Mind Reading and Mind Blindness in The Age of Innocence. A Cognitive Perspective


  • Pilar Martinez Benedi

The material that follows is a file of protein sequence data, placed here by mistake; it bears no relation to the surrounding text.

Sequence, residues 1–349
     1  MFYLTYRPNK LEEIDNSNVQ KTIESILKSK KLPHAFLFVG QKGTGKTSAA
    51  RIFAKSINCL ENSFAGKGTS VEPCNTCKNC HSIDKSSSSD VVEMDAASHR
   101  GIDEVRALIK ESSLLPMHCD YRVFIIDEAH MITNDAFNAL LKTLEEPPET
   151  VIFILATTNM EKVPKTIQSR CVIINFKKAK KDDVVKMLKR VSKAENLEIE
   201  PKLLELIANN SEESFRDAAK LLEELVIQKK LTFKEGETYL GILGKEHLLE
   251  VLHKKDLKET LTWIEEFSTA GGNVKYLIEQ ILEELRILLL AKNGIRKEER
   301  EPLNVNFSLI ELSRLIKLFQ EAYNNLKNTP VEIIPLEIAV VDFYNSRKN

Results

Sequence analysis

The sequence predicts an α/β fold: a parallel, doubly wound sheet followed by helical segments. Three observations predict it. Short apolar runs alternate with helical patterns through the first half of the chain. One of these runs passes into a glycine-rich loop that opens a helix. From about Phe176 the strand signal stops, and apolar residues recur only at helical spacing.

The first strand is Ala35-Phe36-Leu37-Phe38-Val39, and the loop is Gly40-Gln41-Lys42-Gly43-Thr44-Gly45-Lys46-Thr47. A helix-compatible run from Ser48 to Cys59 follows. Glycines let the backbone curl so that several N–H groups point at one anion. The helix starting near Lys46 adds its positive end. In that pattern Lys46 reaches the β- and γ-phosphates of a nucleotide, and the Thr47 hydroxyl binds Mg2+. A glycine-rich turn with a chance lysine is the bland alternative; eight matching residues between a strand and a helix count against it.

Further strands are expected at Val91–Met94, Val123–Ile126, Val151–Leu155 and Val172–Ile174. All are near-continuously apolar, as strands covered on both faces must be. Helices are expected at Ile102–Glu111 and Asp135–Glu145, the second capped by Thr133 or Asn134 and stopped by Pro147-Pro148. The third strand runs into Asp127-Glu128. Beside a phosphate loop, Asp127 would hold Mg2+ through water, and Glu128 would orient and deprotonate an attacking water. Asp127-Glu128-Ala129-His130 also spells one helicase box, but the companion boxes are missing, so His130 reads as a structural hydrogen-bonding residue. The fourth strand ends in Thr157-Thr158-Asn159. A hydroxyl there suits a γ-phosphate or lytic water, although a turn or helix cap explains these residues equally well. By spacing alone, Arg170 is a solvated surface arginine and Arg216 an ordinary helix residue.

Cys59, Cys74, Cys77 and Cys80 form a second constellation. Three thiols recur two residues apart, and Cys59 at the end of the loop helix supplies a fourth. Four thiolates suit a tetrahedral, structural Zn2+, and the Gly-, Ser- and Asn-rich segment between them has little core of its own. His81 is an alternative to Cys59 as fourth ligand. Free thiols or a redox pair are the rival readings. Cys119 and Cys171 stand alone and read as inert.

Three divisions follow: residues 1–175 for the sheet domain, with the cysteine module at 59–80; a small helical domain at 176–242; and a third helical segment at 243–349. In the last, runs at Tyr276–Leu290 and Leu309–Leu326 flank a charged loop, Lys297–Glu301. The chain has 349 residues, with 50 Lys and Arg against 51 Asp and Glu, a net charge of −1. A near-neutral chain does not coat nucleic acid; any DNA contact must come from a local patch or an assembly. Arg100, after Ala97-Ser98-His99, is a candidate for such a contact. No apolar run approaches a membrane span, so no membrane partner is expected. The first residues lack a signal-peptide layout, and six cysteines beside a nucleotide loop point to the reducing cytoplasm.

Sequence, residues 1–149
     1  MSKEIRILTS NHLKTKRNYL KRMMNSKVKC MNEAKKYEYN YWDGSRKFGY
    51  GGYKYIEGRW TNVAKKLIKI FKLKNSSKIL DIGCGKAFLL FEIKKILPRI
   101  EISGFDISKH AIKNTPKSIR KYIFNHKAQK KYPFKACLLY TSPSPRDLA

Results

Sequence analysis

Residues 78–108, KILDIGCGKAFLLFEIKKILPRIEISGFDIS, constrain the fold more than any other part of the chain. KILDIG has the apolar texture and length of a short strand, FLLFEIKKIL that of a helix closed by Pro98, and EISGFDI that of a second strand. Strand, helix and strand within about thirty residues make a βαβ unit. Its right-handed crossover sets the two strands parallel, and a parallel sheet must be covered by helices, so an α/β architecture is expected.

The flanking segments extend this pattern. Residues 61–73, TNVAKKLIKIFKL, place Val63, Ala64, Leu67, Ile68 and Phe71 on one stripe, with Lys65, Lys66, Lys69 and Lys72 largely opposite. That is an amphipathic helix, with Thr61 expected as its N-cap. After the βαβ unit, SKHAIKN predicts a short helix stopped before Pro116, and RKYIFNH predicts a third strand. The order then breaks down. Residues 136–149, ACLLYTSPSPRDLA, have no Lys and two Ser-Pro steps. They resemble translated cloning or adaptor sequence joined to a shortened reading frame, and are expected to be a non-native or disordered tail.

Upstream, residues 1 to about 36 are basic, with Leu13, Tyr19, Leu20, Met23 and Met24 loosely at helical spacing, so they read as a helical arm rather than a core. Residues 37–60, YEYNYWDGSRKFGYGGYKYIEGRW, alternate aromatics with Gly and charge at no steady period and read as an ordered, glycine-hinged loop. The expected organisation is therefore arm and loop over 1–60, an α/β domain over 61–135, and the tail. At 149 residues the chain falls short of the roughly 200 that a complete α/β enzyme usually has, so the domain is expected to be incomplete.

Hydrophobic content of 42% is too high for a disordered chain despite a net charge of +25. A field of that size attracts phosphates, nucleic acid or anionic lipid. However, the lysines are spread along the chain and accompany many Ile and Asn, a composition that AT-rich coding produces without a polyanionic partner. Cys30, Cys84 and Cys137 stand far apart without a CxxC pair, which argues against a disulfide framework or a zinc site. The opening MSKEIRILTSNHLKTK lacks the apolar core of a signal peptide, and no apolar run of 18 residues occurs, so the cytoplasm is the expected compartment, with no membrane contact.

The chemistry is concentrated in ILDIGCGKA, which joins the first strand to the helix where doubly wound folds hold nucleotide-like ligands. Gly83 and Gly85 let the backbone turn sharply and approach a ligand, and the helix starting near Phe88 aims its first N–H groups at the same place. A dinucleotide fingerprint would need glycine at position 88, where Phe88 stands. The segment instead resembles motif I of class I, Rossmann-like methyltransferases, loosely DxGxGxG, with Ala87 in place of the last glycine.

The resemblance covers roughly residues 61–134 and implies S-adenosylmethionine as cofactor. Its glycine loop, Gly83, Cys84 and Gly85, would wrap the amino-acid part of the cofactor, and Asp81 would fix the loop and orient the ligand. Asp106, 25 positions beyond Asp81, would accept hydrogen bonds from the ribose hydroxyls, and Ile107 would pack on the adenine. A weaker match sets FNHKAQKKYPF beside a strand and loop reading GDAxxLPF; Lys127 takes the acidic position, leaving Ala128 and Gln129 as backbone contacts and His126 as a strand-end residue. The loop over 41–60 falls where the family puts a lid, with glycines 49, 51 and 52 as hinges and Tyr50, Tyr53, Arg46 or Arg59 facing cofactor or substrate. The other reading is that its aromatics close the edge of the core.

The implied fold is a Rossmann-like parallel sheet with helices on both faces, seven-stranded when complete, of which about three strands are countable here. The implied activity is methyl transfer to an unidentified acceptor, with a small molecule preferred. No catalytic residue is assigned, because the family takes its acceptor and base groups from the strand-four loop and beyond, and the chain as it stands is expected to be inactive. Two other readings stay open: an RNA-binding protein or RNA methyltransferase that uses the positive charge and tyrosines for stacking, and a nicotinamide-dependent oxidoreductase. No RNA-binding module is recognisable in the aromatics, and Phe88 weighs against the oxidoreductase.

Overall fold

This essay explores Edith Wharton’s narrative strategies in The Age of Innocence from a cognitive perspective. My purpose is less to describe the cognitive mechanism underlying the act of reading than to reflect on how writers may capitalize on our cognitive proclivities to achieve a certain effect—in this case, surprise. Starting from the notion of “theory of mind” or “mind-reading”—the ability to understand others’ outward behavior in terms of underlying mental or emotional states, which, according to some cognitive critics, “makes literature as we know it possible”—I explore the ways in which this cognitive proclivity to read fictional minds can be turned on its head, and into a kind of “mind-misreading.” With all its silences and “undertelling,” The Age of Innocence, it seems, summons the reader’s theory of mind proclivities. However, in Wharton’s novel the reader’s apparently free “mind-readings” are compromised and manipulated by a fluid focalization and, on the other hand, by an artful use of “mind-blinding” mechanisms that tease our cognitive endowments (together with the protagonist’s), turning an apparently everyday task of mind-reading into an unacknowledged case of (literary) mind-blindness.